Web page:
Story at a glance
- The Villages, an affluent planned retirement community, saw nearly 40 percent growth from 2010 to 2020.
- The bulk of residents are retirees, and is situated in the predominately white Sumter County.
- High profile Republican candidates and politicians often visit as a campaign stop.
The COVID-19 pandemic prompted population shifts across the country, with many fleeing crowded cities and opting for more spacious suburban areas in a bid to escape public health restrictions and take advantage of low interest rates.
While plenty of coastal residents accounted for this migration, 2020 data from the newly-released U.S. Census Bureau reveals that the fastest growing metropolitan area is not in surrounding Los Angeles or New York, but in Florida.
The Villages, one of the most popular retirement communities in the country, was dubbed the fastest growing U.S. metro area between the 2010 Census and 2020 Census. It grew by 39 percent over the decade, from 93,000 people to roughly 130,000 residents.
Seated in central Florida in Sumter County, The Villages is a collection of planned retirement communities with scores of amenities including golf courses, pools, and entertainment venues on the premises.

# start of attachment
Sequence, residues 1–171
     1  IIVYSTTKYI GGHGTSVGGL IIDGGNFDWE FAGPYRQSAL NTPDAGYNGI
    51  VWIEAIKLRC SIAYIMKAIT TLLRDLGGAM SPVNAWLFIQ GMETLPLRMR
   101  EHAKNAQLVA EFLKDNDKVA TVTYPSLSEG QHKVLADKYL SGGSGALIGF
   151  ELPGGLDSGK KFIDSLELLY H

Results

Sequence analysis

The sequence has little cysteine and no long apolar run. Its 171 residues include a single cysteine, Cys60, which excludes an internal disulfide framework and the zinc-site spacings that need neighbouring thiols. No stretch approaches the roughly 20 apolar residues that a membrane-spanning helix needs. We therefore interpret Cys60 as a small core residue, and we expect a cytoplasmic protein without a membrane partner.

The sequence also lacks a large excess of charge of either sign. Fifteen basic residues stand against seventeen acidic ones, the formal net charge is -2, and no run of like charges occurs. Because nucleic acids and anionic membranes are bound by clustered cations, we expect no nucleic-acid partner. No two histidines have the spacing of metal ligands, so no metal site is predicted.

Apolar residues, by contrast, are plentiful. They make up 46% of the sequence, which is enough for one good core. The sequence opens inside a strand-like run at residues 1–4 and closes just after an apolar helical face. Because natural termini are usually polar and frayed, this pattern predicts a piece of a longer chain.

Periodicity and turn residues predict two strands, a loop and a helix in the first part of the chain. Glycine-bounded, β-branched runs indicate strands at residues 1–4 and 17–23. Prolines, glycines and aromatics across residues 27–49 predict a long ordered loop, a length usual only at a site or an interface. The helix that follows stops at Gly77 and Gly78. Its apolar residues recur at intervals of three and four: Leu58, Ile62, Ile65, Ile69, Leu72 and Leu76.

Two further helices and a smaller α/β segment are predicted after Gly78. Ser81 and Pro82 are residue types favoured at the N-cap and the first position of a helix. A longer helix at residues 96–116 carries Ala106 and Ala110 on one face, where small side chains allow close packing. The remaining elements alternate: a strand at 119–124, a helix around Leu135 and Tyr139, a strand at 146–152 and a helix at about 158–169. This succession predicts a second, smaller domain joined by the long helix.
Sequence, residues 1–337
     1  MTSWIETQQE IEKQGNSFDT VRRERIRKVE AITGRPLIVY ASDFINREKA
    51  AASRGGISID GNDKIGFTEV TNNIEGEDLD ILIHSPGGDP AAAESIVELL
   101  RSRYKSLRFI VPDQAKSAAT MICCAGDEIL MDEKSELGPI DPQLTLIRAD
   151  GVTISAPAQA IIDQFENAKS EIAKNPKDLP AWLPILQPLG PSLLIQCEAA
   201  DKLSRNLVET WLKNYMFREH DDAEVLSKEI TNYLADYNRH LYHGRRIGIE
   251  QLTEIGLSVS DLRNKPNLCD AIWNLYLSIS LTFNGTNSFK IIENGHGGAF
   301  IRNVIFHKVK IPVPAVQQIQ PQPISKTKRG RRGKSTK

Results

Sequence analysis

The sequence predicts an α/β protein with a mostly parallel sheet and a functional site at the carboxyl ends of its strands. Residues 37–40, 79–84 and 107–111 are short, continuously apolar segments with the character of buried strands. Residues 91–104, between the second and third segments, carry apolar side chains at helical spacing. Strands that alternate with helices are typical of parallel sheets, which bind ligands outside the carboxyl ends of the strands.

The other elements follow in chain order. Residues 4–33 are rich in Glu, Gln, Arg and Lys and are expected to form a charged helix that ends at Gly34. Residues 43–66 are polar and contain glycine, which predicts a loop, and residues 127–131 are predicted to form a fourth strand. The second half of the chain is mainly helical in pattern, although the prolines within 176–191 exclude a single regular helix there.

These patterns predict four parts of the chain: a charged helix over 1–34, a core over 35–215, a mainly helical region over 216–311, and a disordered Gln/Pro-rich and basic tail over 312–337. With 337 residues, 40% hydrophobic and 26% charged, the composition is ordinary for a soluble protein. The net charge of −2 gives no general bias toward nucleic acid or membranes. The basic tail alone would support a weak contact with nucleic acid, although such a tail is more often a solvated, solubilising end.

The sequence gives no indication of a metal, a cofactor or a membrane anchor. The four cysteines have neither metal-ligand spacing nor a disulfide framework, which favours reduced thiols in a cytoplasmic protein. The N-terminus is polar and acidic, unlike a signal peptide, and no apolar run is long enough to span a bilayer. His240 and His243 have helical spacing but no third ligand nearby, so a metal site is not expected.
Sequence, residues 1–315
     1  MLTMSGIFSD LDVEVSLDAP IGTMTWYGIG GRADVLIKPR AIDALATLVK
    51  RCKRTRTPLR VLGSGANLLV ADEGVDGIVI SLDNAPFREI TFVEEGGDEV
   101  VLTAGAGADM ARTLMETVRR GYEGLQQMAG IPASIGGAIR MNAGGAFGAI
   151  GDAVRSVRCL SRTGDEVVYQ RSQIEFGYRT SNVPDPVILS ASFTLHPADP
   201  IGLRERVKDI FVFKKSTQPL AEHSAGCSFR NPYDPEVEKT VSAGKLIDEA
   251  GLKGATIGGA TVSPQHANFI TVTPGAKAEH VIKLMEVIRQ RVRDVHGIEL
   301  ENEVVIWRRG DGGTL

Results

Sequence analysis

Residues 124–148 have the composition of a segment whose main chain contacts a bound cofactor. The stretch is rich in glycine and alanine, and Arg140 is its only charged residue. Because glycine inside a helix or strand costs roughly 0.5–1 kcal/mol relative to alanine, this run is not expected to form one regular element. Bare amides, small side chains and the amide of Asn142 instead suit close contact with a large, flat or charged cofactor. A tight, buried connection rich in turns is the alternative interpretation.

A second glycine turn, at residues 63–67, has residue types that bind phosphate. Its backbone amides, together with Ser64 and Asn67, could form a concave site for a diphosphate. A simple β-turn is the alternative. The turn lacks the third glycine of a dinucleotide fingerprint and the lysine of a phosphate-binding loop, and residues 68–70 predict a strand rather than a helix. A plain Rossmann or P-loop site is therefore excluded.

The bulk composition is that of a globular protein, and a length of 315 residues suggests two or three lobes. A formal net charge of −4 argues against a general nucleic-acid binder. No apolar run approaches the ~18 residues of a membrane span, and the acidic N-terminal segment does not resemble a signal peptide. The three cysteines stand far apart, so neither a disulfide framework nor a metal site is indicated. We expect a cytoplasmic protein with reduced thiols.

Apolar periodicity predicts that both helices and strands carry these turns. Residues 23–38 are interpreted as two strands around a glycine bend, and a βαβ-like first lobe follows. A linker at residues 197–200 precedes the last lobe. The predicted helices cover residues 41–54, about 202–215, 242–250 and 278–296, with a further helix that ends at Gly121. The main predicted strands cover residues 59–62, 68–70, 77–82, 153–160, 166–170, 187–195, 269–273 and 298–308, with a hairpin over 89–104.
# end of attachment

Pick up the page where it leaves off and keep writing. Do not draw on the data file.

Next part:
Per its website, The Villages complex was rated as the best “active, adult community” in the U.S. in 2020 for the 11th consecutive year.
Other data from the census shows that Sumter County is relatively less populated than other counties in the state, such as Duval, Broward, Palm Beach, Miami-Dade, and Pinellas.
2019 data shows that a little over 90 percent of Sumter County residents identify as white, and 85 percent further clarifying that they are not of Hispanic or Latino origin. It is predominantly composed of residents over the age of 65, who represent over 58 percent of the population in the county.
The Villages have made headlines previously as a Republican stronghold that helped give former President Trump a solid victory in Florida during the 2016 presidential elections. Since then, the community has become a common campaign stop for other GOP politicians.